While Dwyane Wade takes a lighthearted approach to the swirling criticism ("We're the best 5-4 team in the league!") and LeBron James jots down mental notes, Chris Bosh's mood when he responds to questions about what's going wrong in Miami is almost confessional. He readily acknowledges an offense anchored by Wade and James presents all kinds of challenges for a big man accustomed to be spoon-fed the ball, and that, so far, he hasn't responded terribly well to those demands. He also knows he hasn't been sufficiently aggressive as a rebounder or defender.
Funny thing is, the more individual blame Bosh is willing to shoulder, the louder and more persistent the incoming fire. We generally value accountability from athletes, but Bosh's contrition seems to invite even more scrutiny and ridicule.
Rajon Rondo was in town on Thursday night and the story of his young season provided a useful parallel. While Rondo has little to be sorry for -- he's averaging nearly 15 assists in 40 minutes per game -- the Celtics' point guard apologizes for nothing. He barks at teammates whose tactical judgment he questions and dismisses questions from journalists he deems silly. He's an imperfect player with an iffy jump shot, yet Rondo manages to leverage his weakness. All that open space he's given as defenses play off him? Rondo uses it to punish opponents. He devours the court to get his teammates' clean looks at the basket and himself close-range shots.
Even on a night when he scores about half as many points as Bosh, Rondo left his very large imprint all over the game. Bosh's contributions on Thursday night were real, but his performance suggested there's still a confidence deficit. Bosh isn't saddled with anything remotely as debilitating as Rondo's shaky jumper. His talents demand the full attention of defenses everywhere on the floor, but there's something holding him back right now. Bosh and Erik Spoelstra believe it's a lack of familiarity with teammates and a new system. It could be. Playing, practicing and living with the same core has undoubtedly helped Rondo grow into the kind of point guard who sets the agenda for a game.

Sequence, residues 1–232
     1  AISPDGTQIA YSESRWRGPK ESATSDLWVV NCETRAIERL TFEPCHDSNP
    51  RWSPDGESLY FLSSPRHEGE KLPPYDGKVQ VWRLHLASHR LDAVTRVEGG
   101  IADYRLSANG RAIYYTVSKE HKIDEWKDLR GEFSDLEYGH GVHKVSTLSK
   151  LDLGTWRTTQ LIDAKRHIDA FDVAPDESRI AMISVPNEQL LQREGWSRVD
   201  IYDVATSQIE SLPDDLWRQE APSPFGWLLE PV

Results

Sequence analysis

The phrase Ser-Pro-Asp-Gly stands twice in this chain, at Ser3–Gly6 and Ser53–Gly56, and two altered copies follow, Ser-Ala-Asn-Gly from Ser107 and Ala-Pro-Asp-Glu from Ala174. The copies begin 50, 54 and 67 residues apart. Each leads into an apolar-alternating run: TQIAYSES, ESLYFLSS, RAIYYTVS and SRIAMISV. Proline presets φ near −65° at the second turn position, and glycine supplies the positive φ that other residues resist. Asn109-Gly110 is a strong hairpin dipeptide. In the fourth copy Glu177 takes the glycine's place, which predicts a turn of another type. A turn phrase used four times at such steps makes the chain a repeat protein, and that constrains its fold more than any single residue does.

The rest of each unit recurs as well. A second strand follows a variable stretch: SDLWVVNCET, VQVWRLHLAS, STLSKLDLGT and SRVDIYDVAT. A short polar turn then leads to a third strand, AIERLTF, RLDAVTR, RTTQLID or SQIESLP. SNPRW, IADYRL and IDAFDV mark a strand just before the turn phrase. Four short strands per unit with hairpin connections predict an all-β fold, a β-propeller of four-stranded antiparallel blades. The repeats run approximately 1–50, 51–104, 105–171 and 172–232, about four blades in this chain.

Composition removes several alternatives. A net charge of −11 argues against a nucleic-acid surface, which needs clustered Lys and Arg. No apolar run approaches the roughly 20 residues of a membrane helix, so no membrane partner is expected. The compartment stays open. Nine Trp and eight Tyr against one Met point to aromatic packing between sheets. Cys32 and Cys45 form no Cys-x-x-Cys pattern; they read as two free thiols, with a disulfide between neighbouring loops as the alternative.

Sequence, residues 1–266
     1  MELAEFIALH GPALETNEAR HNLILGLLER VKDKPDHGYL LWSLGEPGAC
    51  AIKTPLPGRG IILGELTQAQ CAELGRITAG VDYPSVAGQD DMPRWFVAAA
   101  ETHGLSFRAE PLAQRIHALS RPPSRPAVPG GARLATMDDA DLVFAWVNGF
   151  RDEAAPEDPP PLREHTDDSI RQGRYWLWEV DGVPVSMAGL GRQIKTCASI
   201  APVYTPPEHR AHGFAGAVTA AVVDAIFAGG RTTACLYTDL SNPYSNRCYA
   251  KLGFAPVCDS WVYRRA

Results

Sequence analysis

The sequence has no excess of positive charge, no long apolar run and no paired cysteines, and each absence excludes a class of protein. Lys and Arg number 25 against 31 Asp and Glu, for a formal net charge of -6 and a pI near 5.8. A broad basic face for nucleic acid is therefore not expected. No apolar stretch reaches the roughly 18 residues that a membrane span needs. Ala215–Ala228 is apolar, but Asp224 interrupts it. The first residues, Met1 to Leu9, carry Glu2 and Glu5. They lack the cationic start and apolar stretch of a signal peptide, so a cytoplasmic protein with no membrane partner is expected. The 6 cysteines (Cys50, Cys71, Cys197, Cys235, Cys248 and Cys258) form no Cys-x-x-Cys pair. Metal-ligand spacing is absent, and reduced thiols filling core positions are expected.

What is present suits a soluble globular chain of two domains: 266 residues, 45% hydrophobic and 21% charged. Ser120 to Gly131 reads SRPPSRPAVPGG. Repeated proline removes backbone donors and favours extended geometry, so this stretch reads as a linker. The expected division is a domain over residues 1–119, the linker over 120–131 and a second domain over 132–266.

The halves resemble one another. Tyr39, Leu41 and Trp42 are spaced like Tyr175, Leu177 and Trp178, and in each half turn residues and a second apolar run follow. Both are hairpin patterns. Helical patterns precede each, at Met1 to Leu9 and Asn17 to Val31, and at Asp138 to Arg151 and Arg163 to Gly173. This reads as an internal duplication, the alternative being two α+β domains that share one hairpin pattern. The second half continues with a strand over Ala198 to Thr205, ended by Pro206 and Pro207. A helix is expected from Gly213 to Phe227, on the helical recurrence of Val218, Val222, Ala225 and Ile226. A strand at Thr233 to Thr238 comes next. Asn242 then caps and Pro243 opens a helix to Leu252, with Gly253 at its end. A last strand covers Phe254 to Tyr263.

But there's something else, a quality less measurable, but in many ways more perceptible. Anyone who watched the first half of last night's game saw it.
Every once in a while, there's a rare moment between the lines that exquisitely captures the dynamics at play outside them. On Thursday night it happened in the first quarter when Rondo used a high screen from Glen Davis to dart into the paint. It was one of those snapshots in a basketball game when circumstances require a player to summon their instinct to make a play. The breakdown on the Heat's pick-and-roll defense didn't originate with Bosh, but he had the responsibility to correct it. And barring that, he was presented with an opportunity to make some sort of statement.